3.) Children who are sent to these camps with the consent of their parents to get them away from the fighting and/or give their children the opportunity to go to a “summer camp”. These summer camps programs are offered to families at no cost and often low-income families will choose to send their children expecting that they will be returned in a few weeks' time.
The children deemed orphans and/or have special medical needs by Russian authorities are taken by local government officials in Russian-occupied areas of Ukraine often without the children’s or their living families' consent then adopted by Russian families.
Russian law prohibits the adoption of foreign children without consent of the home country, which Ukraine has not given. But in May, Putin signed a decree making it easier for Russia to adopt and give citizenship to Ukrainian children without parental care. Russia also has prepared a register of suitable Russian families for Ukrainian children and pays the families a stipend for each child they host who gets citizenship. This amount varies but can go up to 156,428.66 rubles ($2,614.77), especially if the child has a disability. The Russian government even runs a special hotline to pair Russian families with children from Donbas.
As stated above, the families who choose to send their children to these “summer camps” do so under the impression that the programs are temporary. Often what actually happens is at the end of the scheduled camp term, the children are not returned to their families. Safety concerns and “ongoing hostilities” in Ukraine are often the reasons given by camp officials for the delayed return. These delays range from several weeks to several months and in many cases are ongoing.
There is a significant lack of communication between parents and camp officials when delays occur, with parents finding out about the delays through phone conversations with their children, word of mouth, and/or local news outlets rather than the camp officials. If parents know where the camps are that their children are being held, and in many instances they do not, they will often have to travel there themselves to retrieve their children. This journey can be extremely dangerous as the camps are usually in Russian-occupied territories or in Russia itself where the parents run the risk of being arrested, especially if they have ties to the Ukrainian military.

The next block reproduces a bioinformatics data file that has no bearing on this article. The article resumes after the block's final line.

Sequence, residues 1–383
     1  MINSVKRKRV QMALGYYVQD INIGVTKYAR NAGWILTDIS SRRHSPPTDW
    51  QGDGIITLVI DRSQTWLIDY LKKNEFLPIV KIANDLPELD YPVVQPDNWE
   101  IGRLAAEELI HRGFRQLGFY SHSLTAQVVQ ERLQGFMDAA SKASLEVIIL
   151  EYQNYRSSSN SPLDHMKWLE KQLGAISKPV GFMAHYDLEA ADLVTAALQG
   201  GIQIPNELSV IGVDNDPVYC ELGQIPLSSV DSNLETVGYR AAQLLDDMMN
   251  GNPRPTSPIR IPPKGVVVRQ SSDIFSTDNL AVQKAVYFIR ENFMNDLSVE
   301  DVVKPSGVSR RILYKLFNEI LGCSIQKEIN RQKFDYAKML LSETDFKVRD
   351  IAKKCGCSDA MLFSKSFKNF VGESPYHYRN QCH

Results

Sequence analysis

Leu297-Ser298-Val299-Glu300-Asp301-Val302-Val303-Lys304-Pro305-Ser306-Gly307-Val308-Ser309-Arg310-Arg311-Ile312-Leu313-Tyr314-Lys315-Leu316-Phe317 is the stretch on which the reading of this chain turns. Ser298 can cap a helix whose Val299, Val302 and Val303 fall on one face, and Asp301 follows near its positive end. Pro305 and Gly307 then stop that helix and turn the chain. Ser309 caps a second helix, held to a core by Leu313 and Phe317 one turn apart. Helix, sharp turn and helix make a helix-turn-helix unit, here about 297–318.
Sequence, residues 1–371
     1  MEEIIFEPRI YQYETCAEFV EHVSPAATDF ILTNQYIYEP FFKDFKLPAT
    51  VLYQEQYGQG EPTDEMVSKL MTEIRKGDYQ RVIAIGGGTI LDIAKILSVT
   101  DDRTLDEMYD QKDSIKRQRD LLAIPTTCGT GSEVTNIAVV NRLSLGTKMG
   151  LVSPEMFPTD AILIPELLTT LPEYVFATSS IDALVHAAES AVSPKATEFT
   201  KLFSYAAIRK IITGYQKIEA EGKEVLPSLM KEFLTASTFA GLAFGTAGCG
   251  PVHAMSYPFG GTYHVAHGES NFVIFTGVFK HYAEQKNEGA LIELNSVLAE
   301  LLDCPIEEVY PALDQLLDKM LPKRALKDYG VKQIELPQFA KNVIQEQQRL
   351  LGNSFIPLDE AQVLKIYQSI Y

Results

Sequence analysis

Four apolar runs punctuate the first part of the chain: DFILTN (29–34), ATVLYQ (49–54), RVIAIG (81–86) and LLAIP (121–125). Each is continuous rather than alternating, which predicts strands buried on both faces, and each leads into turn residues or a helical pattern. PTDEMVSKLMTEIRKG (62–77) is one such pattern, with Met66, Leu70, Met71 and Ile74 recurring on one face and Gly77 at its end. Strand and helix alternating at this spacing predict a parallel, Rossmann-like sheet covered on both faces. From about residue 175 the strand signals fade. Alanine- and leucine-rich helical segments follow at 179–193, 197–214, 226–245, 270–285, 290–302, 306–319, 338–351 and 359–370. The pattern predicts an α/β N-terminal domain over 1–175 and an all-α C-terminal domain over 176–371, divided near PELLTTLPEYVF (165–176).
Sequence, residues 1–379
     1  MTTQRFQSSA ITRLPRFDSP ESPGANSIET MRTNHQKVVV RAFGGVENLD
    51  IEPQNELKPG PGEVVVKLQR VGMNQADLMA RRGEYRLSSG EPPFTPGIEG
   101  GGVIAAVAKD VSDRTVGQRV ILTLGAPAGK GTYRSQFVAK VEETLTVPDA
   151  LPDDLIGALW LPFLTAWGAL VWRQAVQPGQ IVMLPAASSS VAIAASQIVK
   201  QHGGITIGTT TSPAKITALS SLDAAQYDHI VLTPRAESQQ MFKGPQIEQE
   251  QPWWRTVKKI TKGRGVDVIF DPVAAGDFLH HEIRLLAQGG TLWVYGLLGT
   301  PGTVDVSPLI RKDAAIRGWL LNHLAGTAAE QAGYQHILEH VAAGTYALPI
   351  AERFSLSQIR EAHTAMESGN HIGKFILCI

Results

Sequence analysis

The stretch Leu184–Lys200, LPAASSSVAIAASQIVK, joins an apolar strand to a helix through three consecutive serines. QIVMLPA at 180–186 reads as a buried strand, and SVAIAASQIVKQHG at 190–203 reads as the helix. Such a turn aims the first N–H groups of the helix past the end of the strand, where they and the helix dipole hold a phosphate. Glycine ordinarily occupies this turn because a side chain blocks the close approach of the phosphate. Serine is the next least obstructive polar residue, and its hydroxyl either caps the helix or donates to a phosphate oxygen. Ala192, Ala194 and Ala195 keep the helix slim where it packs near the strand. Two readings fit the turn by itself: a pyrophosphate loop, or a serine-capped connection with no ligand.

Throughout their time in the camps and facilities, many children are lied to and told they weren’t wanted by their parents. They are often used for propaganda in ceremonies giving them Russian citizenship so they can then be permanently adopted by Russian families even if they still have living legal parents and/or guardians.
Whether the children taken from Ukraine are orphans or not, human rights experts argue that raising children of war in another country or culture can be a marker of genocide.
The President of the European Commission Ursula von der Leyen has stated:
“Deporting children is a war crime. We know today of at least 16,200 children who were deported, and only 300 have returned so far. These criminal acts fully justify the arrest warrant issued by the ICC…"
Also, the Parliamentary Assembly of the Council of Europe (PACE) adopted a resolution which states that the transfers of Ukrainian children constitute the crime of genocide because they were “clearly being planned and organised in a systematic way” and “had the abhorrent aim of “annihilating every link to and feature of their Ukrainian identity”.
When Russian-aligned officials first began their abduction of Ukrainian children prior to the invasion, their justification for the move was to claim there was an imminent Ukrainian offensive against the Russian-backed separatists who controlled the region, therefore they needed to protect the children. In hindsight, this claim of Ukrainian aggression followed very quickly by actual Russian aggression in the form of the invasion, perfectly captures what would go on to be Russia’s pattern of projection through disinformation.